The first book I read by author Patrick Radden Keefe was Say Nothing: A True Story of Murder and Memory in Northern Ireland. His ability to turn a very complex topic into a fascinating read is what drew me to read a second book by him, Empire of Pain: The Secret History of the Sackler Dynasty.
If you love digging deep into the history of a specific topic, then I highly recommend you check out his books. Make sure to leave a little time open in your schedule, though, as it’s hard to put these down once you start.
Patrick Radden Keefe is a staff writer at The New Yorker. He has also appeared as an essayist in Slate, with other notable articles appearing for Vanity Fair and The New York Times Magazine.
In 2014 he received his first National Magazine Award from them after being nominated twice before this time around. They gave it for feature writing about guns or armed violence-related issues like mass killings.
Here is a list of all his current books.
Jean McConville was abducted from her home, leaving behind ten children in December 1972, and no one has seen or heard from her since. Her abduction is one of the most notorious episodes during The Troubles.
This was a period spanning over four decades. Many deaths were due to political violence between republicans (IRA) who wanted unification with Ireland and loyalists fighting against this idea.
In 2003, the authorities found bones on an IRA-controlled beach. It took then took them five long years before they released any information about them. They speculate it is Jean but is it her?
The Sacklers are a family of doctors, philanthropists, and drug company executives who have been at the forefront of pharmaceutical innovation. Purdue Pharma created the famous opioid OxyContin, which the Sackler family owns. This medication caused addiction and death for too many people.
Because of the price and inability to get prescriptions, this has led to the heroin epidemic that is currently decimating so many towns and cities across the country.
In his most famous book, Empire of Pain: The Secret History of the Sackler Dynasty, investigative journalist Patrick Radden Keefe traces how this dynasty came to dominate an industry that transformed modern life.
This ranges from the positives of pain relief to art patronage, but also became a significant source for America's epidemic of abuse and death.
In Rogues: True Stories of Grifters, Killers, Rebels and Crooks, journalist Patrick Radden Keefe tells the stories of some of the most interesting people from all over the world.
These twelve articles, personally chosen from The New Yorker, range from spending time with the late Anthony Bourdain in Vietnam, forgeries of $150,000 bottles of wine, hanging out with black market gun merchants, and much more.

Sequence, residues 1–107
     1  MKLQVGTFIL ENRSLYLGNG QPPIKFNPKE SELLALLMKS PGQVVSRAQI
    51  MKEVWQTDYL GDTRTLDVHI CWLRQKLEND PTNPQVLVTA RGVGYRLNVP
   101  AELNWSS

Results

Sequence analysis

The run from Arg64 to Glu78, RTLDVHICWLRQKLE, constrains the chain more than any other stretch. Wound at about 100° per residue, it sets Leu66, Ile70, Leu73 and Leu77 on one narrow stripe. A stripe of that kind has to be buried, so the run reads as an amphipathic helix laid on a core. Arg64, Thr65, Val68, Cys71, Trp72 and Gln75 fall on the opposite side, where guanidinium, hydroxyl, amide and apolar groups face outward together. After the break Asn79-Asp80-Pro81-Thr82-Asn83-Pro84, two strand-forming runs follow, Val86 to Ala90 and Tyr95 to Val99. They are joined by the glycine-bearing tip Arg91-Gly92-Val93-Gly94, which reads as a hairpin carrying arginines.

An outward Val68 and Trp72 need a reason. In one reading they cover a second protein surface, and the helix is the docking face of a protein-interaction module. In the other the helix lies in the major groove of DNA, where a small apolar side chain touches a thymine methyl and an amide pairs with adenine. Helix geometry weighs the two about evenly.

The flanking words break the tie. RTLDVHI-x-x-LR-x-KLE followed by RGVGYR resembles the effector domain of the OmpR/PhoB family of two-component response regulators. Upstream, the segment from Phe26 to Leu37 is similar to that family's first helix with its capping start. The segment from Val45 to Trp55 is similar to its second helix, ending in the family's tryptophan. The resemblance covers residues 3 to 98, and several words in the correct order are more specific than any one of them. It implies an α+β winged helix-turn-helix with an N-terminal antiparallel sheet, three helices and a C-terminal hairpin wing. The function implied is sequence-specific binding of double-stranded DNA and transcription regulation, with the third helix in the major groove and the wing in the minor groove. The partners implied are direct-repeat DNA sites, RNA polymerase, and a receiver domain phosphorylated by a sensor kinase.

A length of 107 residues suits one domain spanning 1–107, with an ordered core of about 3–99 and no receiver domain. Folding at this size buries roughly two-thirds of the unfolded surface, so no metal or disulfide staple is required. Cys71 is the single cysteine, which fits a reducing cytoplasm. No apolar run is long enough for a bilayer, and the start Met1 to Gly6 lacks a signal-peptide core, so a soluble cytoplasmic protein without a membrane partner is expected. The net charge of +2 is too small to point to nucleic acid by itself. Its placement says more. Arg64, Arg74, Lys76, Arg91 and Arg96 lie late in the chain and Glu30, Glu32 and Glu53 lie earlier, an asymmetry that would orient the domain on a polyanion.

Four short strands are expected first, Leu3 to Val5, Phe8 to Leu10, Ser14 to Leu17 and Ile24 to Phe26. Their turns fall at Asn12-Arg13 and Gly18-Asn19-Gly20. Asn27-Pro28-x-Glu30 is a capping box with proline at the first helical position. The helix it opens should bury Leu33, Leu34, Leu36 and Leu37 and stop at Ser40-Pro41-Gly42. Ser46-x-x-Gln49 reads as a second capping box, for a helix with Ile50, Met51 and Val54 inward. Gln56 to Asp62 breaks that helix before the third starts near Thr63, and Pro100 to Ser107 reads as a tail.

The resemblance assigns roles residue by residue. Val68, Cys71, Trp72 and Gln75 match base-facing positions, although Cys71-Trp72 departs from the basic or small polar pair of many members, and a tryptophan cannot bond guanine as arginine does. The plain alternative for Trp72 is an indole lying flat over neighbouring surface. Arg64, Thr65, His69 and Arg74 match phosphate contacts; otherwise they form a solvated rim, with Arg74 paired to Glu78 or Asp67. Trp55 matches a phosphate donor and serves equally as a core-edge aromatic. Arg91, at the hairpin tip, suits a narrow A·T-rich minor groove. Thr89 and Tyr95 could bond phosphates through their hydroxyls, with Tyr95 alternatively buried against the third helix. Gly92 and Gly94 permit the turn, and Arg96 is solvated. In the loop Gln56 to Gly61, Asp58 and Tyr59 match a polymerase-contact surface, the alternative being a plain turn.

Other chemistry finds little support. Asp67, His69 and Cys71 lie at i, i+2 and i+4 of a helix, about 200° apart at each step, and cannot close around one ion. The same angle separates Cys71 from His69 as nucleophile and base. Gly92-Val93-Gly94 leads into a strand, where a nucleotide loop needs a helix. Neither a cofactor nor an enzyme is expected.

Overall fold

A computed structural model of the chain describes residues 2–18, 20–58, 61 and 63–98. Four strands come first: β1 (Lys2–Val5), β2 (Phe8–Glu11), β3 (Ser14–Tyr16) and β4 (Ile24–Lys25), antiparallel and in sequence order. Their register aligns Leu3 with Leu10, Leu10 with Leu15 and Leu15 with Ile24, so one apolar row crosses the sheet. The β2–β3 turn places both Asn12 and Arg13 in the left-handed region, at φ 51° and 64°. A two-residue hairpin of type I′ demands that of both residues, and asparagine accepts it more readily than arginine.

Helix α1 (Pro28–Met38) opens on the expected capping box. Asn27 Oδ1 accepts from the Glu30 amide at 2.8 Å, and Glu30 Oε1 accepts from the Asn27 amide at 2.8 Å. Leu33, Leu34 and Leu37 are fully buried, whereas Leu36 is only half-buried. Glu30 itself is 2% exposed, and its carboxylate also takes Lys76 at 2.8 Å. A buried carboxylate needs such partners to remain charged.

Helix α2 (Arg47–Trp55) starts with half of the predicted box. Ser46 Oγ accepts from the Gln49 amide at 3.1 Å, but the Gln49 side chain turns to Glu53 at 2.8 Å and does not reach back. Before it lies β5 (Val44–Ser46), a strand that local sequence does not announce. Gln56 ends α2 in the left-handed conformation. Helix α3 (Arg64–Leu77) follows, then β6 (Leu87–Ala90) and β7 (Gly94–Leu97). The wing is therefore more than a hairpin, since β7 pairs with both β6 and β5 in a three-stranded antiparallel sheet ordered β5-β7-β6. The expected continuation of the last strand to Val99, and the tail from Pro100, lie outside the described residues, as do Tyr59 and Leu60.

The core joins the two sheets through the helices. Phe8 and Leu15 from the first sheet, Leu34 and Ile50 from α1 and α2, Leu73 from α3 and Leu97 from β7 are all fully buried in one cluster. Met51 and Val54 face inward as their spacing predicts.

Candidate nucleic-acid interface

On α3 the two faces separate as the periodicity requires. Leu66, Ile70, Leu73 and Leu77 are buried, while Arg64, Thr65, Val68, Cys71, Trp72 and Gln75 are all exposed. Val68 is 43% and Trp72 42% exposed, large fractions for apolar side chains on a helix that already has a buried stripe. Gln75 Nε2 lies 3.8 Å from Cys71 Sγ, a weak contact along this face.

Keefe draws on years of research to bring these larger-than-life figures to you, providing readers with an intimate look at their motivations, methods and lives.
In addition to providing a fascinating glimpse into their worlds, Rogues reminds us that even the most seemingly ordinary people can be capable of so much more than we can imagine.
For those of you who have never heard the name "Snakehead," think Al Capone with a fishing pole. This is Patrick Radden Keefe's story of how he infiltrated one of New York's most notorious gangs, The Snakeheads.
As a journalist and former bureau chief for The New York Times in Beijing and Shanghai, Radden Keefe has in-depth knowledge of the underworld in two different nations and three different cities.
It is a gripping tale of intrigue with unexpected twists and turns. You won't want to put it down once you start reading!
Have you ever looked at a map of the world and zoomed in on a tiny spot? You see that one little dot, but it's part of a fantastic story. The world is a prominent place, and there are lots of things happening. But how do we know what's going on?
That is what this book is about, and Radden Keefe gives us a window into some of these stories. He'll take you through the eyes and ears of people who have been there, and what they have to say about their experience may surprise you.
He travels worldwide to report from places that most journalists can't go: Syria, Afghanistan, North Korea, and then he brings it home with him and shares with us what he has seen from around the globe.